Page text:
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  Table of Contents  
ORIGINAL ARTICLE
Year : 2016  |  Volume : 22  |  Issue : 1  |  Page : 5-8  

Age-specific serum prostate specific antigen ranges among apparently healthy Nigerian men without clinical evidence of prostate cancer


1 Department of Surgery, Urology Division, Lagos State University College of Medicine and Lagos State University Teaching Hospital, Ikeja, Nigeria
2 Department of Chemical Pathology, Lagos State Pathology Services, General Hospital, Lagos, Nigeria

Date of Web Publication15-Feb-2016

Correspondence Address:
Stephen O Ikuerowo
Department of Surgery, Urology Division, Lagos State University College of Medicine, 1.5 Oba Akinjobi Way, Ikeja, Lagos
Nigeria
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Source of Support: None, Conflict of Interest: None


DOI: 10.4103/1117-6806.169821

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  Abstract 

Introduction: Serum prostate specific antigen (PSA) levels increase with age and varies among different races and communities. The study was aimed at defining the age-specific reference ranges of serum PSA in our environment. Methods: We evaluated the relationship between age and serum PSA levels and the age-specific reference ranges of serum PSA among civil servants in Lagos, who underwent routine medical checkups. Criteria for inclusion were men who have no lower urinary tract symptoms, normal digital rectal examination and serum PSA ≤ 20 ng/ml. SPSS Statistic 21 was used for data evaluation and the mean, median, 95th percentile PSA levels were estimated. Pearson's correlation was used to examine the relationship, and P < 0.05 was considered significant. Results: 4032 men met the criteria for inclusion in the evaluation. The mean age was 51.6 (range 40–70) years, and there was a strong correlation between serum PSA levels and age (r = 0.097, P < 0.001). PSA ranges of 0–2.5, >2.5–4.0, >4.0–10, and >10 ng/ml were found in 3218 (80%), 481 (12%), 284 (7%), and 52 (1%) men, respectively. The mean, median and the 95th percentile PSA for the overall group were 1.84, 1.33, and 5.2 ng/ml respectively. However the 95th percentile PSA levels for men aged 40–49, 50–59, and 60–70 years were 4.78, 5.47, and 8.93 ng/ml respectively. Conclusion: The age-specific PSA levels among Nigerian men for each age group is higher than what was described for men in the Western world. These reference ranges of serum PSA should be considered for men aged ≥40 years in our environment.

Keywords: Age, cancer, Nigerian, prostate specific antigen, reference


How to cite this article:
Ikuerowo SO, Ajala MO, Abolarinwa AA, Omisanjo OA. Age-specific serum prostate specific antigen ranges among apparently healthy Nigerian men without clinical evidence of prostate cancer. Niger J Surg 2016;22:5-8

How to cite this URL:
Ikuerowo SO, Ajala MO, Abolarinwa AA, Omisanjo OA. Age-specific serum prostate specific antigen ranges among apparently healthy Nigerian men without clinical evidence of prostate cancer. Niger J Surg [serial online] 2016 [cited 2019 Sep 19];22:5-8. Available from: http://www.nigerianjsurg.com/text.asp?2016/22/1/5/169821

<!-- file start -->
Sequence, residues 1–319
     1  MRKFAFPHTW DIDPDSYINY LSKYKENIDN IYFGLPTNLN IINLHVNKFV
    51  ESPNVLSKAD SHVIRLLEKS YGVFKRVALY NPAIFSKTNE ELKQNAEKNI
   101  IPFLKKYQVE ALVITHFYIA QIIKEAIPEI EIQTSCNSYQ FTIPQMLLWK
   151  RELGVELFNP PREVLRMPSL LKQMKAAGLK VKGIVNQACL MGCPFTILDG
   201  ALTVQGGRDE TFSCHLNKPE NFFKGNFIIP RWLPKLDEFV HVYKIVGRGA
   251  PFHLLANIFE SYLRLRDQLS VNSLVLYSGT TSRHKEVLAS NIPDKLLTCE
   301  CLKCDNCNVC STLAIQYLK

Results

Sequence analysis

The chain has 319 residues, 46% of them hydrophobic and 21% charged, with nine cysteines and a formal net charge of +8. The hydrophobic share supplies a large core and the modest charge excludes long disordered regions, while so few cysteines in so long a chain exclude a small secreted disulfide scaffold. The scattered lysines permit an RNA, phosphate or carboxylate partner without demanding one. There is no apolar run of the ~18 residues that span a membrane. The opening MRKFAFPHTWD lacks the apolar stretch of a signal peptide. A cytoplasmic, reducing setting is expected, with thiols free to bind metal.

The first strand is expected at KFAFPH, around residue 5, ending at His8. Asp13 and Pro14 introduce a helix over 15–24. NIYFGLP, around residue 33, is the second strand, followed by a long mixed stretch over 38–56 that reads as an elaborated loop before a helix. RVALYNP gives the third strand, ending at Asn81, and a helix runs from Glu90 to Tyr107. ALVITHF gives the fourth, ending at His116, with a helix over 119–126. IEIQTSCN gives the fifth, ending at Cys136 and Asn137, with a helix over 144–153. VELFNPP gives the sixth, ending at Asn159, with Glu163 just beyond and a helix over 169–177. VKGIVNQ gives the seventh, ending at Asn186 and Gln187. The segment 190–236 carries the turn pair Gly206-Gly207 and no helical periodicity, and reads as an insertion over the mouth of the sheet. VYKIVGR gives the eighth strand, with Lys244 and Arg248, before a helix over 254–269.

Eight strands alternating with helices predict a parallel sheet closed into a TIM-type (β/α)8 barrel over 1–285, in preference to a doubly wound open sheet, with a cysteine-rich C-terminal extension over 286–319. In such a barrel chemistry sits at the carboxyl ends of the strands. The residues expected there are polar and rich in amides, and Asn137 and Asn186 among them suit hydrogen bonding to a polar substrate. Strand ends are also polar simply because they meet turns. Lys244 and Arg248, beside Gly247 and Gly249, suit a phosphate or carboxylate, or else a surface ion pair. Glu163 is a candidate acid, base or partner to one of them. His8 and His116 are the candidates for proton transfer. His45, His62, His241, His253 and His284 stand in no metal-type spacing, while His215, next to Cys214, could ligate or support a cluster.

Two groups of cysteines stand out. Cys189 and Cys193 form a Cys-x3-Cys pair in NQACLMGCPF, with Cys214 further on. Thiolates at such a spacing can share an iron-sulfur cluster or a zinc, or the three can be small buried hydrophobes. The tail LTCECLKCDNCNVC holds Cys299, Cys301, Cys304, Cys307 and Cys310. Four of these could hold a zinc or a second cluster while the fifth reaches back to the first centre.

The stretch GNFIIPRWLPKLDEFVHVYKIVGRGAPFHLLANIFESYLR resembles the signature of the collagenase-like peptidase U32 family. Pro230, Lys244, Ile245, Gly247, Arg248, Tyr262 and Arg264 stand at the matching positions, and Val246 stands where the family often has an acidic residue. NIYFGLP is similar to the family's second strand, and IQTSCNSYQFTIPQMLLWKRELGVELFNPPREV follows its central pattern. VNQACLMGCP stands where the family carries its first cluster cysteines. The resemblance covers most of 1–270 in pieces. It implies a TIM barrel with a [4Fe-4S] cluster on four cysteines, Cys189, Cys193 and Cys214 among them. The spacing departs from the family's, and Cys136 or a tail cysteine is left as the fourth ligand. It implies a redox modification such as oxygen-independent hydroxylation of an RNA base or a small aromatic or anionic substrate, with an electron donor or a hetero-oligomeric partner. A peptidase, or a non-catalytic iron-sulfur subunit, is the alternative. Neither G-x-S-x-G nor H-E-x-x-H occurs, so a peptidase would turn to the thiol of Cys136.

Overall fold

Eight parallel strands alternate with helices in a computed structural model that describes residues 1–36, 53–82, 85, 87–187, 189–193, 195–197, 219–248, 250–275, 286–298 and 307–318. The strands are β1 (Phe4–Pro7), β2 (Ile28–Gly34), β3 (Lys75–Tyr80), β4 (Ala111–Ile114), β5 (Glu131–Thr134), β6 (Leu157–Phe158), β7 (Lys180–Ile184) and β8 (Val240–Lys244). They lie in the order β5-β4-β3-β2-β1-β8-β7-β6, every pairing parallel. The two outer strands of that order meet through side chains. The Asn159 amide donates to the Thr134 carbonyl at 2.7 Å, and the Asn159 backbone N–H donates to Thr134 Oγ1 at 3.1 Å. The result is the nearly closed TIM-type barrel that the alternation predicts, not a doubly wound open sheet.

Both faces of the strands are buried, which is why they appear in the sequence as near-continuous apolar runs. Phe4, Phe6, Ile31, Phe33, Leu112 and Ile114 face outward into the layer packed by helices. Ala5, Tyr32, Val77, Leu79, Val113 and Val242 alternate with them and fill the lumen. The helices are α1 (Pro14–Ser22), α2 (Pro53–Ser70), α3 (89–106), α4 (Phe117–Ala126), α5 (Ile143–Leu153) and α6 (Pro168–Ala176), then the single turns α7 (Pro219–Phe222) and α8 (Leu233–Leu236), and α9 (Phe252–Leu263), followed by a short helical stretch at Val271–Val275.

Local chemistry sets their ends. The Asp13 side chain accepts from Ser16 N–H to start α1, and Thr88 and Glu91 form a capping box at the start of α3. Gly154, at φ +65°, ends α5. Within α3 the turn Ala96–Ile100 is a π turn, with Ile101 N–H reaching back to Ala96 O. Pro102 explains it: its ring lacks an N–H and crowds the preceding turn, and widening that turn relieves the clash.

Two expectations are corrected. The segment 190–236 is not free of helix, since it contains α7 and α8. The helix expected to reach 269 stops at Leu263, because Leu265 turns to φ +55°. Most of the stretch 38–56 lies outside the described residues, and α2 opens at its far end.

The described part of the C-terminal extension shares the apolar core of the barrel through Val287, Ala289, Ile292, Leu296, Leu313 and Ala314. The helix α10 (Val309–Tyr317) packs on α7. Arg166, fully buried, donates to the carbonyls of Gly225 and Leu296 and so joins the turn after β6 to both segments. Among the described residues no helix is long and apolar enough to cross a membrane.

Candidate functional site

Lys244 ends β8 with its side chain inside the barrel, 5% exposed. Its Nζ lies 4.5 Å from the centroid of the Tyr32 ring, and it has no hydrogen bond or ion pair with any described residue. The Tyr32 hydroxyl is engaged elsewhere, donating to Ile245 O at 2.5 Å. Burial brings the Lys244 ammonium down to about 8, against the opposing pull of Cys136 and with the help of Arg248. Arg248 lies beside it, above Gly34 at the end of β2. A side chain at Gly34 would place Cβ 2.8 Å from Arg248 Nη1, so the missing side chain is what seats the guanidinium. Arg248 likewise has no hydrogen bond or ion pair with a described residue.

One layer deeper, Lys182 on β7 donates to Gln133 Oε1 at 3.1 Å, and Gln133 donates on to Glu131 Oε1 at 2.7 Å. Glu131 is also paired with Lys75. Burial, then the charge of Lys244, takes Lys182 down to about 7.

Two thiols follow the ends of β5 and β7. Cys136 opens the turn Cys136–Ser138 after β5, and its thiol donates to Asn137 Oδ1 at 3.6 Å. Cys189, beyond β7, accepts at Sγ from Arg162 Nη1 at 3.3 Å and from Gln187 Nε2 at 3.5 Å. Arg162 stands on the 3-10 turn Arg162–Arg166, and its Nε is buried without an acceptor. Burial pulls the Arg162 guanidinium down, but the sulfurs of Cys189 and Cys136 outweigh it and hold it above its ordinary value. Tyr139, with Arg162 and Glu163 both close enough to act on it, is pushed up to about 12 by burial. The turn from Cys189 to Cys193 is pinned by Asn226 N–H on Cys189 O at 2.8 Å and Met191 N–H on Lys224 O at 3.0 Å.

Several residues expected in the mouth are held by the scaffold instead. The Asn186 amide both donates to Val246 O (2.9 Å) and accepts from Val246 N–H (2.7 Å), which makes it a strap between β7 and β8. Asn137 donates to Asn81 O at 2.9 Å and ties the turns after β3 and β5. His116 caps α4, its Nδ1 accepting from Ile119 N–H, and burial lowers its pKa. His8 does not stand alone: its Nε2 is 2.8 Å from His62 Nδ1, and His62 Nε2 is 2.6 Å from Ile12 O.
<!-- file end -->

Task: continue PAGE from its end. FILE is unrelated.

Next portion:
Introduction Top


Prostate cancer is the most common cancer among men in Nigeria.[1],[2],[3],[4] Currently, the prostate cancer screening is controversial as regards the relative hazards and benefits of screening.[5] Screening for prostate cancer involves the use of the serum prostate-specific antigen (PSA), a serine protease discovered about 30 years [6] and still remains a useful tool for the diagnosis of early and potentially curable prostate cancer.[5],[7] It is however not specific for carcinoma of the prostate and has a high false positive rate when used as a screening tool.[8]

It is known that serum PSA increases with age and varies among different races.[9],[10],[11],[12],[13],[14],[15] The use of the standard absolute reference value of 0–4 ng/ml may have the potential of over-diagnosis or under-diagnosis and, therefore, unnecessary diagnostic procedures and treatment.[16] In 1996, Oesterling described the age-specific serum PSA from a community-based population of 471 healthy American white men.[9] There are concerns over the general applicability of those reference ranges. Different races have their own reference ranges because of the influence of geographic and ethnic differences.[16] Although similar studies have been presented for a number of different groups of men and few studies have looked at the pattern of serum PSA among Nigerians [17],[18],[19],[20] but no such studies on normal serum PSA ranges and the age-specific pattern have been carried out among healthy Nigerian men.

This study was therefore performed to determine the appropriate age specific serum PSA cut-off value among Nigerian men without a diagnosis of prostate cancer.


  Methods Top


The serum PSA levels of men aged ≥40 and ≤70 years in Civil Service in Lagos State, Nigeria, who underwent free medical checkup were evaluated. Only men who reported no lower urinary tract symptoms (LUTS) and had normal digital rectal examination (DRE) were included in the study. Serum PSA tests using chemiluminescence immunoassay (Beckman Coulter Access 2) were carried out on blood samples drawn from the participants before DRE as previously described.[21] The same method was used for PSA measurements for all the participants. The serum PSA measurement was carried out in the same laboratory of General Hospital, Lagos. Men with outlier PSA values of >20 ng/ml were excluded in the evaluation because of the higher risk of prostate cancer.